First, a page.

6. This is my Spitfire Vb built from the Hobbyboss kit, I know many complain about it for a few reasons, but to me it looks like a Spitfire...…...and that's good enough for me lol! Its was built out of the box and MRP paints were used. Hope you like it, but here is a bit about the man in the machine first. Squadron Leader 'Buck' Casson, who has died aged 88, escaped from France in May 1940 to fly Spitfires over south-eastern England during the Battle of Britain; later he was a flight commander in Wing Commander Douglas Bader's "Tangmere Wing" before being shot down over northern France in August 1941. Casson was one of the original three trainee pilots to join the newly formed 616 (South Yorkshire) Auxiliary Air Force Squadron at Doncaster in early 1939. Training at weekends and during the annual summer camps, he qualified as a pilot in early 1940 before being sent to France as a reinforcement to 501 Squadron. But, before he could join them, the train on which he was travelling was bombed outside Amiens and he lost all his belongings. Casson managed to escape by boat back to England from Cherbourg. After a brief spell flying Hurricanes with 79 Squadron at Biggin Hill, he rejoined 616 at Leconfield, Yorkshire, just as the Battle of Britain gathered momentum. At lunchtime on August 15, the fighter squadrons based in north-east England were scrambled to face the Luftwaffe's most concentrated attack against industrial targets in Scotland and the north of England. Casson flew one of the 12 Spitfires which met the enemy as they crossed the Yorkshire coast. Within minutes, 616 Squadron had accounted for six of the unescorted bombers, with similar results achieved by other northern-based squadrons. A few days later, 616 flew south to Kenley where the squadron was involved in some of the fiercest fighting of the battle as part of Air Vice-Marshal Keith Park's No 11 Group. Once 616 became fully operational again in early 1941, it was transferred and came under the command of the new Wing Leader, the legless pilot Douglas Bader, at Tangmere. The squadron boasted a glittering array of outstanding pilots, including "Johnnie" Johnson and "Cocky" Dundas. With his steadying and mature influence, allied to the experience gained during the hectic summer days of 1940, Casson became a section leader. On May 5, he shared in the destruction of a Junkers 88, but was hit by return fire, and was forced to bale out over Chichester harbour. On August 9, the "Bader" Wing took off for another sweep over France. During a hectic fight in which German fighters surprised them from above, Bader was shot down, and the Wing was forced to scatter. Casson had accounted for an Me 109 when he went to the aid of a lone Spitfire, but before he could join up he was engaged by a German fighter. Cannon shells damaged his aircraft's engine, forcing him to crash near St Omer, where he was captured. Shortly after his arrival at Stalag Luft III at Sagan, it was announced that Casson had been awarded the DFC. (The Telegraph)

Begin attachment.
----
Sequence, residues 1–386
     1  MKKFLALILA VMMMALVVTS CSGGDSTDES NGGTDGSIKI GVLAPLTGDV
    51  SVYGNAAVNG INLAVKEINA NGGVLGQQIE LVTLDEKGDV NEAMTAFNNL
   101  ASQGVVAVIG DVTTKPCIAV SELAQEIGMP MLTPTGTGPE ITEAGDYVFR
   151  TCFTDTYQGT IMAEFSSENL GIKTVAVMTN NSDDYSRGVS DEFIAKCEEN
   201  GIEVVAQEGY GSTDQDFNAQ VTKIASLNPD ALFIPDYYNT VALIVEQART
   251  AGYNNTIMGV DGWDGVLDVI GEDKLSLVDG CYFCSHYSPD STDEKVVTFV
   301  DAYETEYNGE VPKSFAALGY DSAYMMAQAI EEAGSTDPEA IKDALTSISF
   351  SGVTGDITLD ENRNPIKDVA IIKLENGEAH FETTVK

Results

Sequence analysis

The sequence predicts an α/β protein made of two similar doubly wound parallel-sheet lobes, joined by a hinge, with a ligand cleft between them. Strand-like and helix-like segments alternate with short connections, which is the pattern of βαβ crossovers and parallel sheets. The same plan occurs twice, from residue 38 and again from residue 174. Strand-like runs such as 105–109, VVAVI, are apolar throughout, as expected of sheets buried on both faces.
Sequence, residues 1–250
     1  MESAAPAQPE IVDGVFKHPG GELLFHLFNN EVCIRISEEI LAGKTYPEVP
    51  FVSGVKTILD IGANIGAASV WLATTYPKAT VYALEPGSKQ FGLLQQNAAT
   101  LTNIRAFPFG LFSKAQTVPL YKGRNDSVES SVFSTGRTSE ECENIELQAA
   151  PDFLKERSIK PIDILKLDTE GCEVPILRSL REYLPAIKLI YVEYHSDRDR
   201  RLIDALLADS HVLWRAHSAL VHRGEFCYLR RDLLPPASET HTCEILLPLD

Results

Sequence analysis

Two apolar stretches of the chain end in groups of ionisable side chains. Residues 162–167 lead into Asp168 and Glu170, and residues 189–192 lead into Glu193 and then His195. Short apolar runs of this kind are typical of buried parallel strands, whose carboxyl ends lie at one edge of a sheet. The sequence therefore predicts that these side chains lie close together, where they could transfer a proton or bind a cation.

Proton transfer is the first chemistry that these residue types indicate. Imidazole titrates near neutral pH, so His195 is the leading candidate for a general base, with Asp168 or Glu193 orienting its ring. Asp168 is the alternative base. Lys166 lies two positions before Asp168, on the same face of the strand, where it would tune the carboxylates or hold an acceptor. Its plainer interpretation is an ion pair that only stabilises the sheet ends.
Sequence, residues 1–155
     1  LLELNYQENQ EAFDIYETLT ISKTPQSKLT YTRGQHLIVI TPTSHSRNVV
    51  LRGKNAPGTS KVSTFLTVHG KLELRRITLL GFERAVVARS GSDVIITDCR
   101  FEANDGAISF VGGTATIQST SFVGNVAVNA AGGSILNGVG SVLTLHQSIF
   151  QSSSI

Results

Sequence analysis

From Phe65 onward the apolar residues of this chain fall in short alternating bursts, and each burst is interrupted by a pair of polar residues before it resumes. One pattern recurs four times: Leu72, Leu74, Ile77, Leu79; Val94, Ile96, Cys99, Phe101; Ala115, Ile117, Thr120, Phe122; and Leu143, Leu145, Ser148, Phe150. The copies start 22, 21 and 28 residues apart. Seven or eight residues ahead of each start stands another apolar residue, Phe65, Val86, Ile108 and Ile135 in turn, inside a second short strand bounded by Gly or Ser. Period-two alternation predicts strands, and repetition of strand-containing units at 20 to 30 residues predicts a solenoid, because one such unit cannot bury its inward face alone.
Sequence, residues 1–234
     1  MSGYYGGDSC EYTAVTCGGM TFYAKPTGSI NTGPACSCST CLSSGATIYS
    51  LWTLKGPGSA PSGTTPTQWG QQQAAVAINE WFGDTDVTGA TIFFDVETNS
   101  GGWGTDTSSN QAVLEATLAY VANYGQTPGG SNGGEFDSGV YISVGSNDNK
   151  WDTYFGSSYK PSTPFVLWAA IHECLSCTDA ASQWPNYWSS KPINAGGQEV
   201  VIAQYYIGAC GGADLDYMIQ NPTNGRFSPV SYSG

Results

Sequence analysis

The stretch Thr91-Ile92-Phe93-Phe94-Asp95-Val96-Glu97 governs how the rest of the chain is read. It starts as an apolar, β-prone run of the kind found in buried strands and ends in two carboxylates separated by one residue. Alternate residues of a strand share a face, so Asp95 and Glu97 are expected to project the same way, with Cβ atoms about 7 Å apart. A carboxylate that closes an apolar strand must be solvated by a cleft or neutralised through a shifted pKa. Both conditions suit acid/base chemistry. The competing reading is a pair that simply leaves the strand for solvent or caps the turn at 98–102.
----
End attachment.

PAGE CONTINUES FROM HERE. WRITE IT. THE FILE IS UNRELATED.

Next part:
7. This is my Spitfire Vb built from the Hobbyboss kit, I know many complain about it for a few reasons, but to me it looks like a Spitfire...…...and that's good enough for me lol! Its was built out of the box and MRP paints were used. Hope you like it, but here is a bit about the man in the machine first. The son of Polish-born Swiss parents, Zumbach was registered as a Swiss citizen and hid his nationality in order to join the Polish army in 1934. He served as an infantryman until 1936 when he transferred to the Polish Air Force. After graduating from flying training in 1938 he was posted to 111 Eskadra Mysliwska. Zumbach did not fly during the German invasion of Poland due to a broken leg as a result of a flying accident during the summer of 1939. He returned to his unit only to be evacuated to France via Romania. While in France, Zumbach flew the Morane 406 and Curtiss Hawk 75 with GCII/55. On 10 June, he was one of several pilots shot down by Bf 109s, but escaped unscathed. On 18 June 1940, he traveled to England by boat and on 2 August was posted as one of the founding members of the newly formed No. 303 Polish Fighter Squadron. During the Battle of Britain, Zumbach scored eight confirmed kills and one probable, mostly against Messerschmitt Bf 109 fighters. Zumbach was shot down by a JG 3 Bf 109 over Dover on 9 May 1941 when returning from a mission, but he was able to bail out unharmed. Zumbach became one of the first Allied pilots to engage in combat with the German Focke-Wulf Fw 190 when he damaged, and in return, his aircraft was damaged by a "single radial-engined fighter" on 13 October 1941. In December 1941, Zumbach was posted to 58 OTU, and in March 1942 returned to 303 Sqn as a flight commander. In May, he was promoted to Squadron Leader and took command of the squadron, a post Zumbach held from 19 May 1942 until 30 November 1943 During this period, Zumbach flew three Supermarine Spitfire VBs, carrying the serial numbers BM144, EP594 and EN951. All these aircraft carried the same code, RF-D, ("RF" being the squadron code for 303 Sqn) and "D" being the individual aircraft code. All three aircraft carried a cartoon of Donald Duck on the port side of the fuselage, slightly forward of the cockpit. Zumbach's victory tally was marked with German crosses under the cockpit on the port side; confirmed kills were outlined in white, probable kills in red, and damaged aircraft with no outline. After handing over command of 303 Sqn to Sqn Ldr Bieńkowski, Zumbach spent a year in staff appointments, including the Polish Air Force Staff College. He returned to flying duties as the commander of the 2nd Polish Air Wing, No 133 Wing. On 25 September 1944, he scored his final victory of the war, a probable kill over a JG 26 Fw 190 over Arnhem. On 30 January 1945, Zumbach was posted to HQ, No. 84 Group. While flying an Auster that was used to visit units under the Group's command, he made a navigational error and ran out of fuel. He force-landed in enemy territory and spent the final month of the war as a prisoner of war. Zumbach's final victory tally was 12 (and 2 shared) confirmed kills, five probables and one damaged.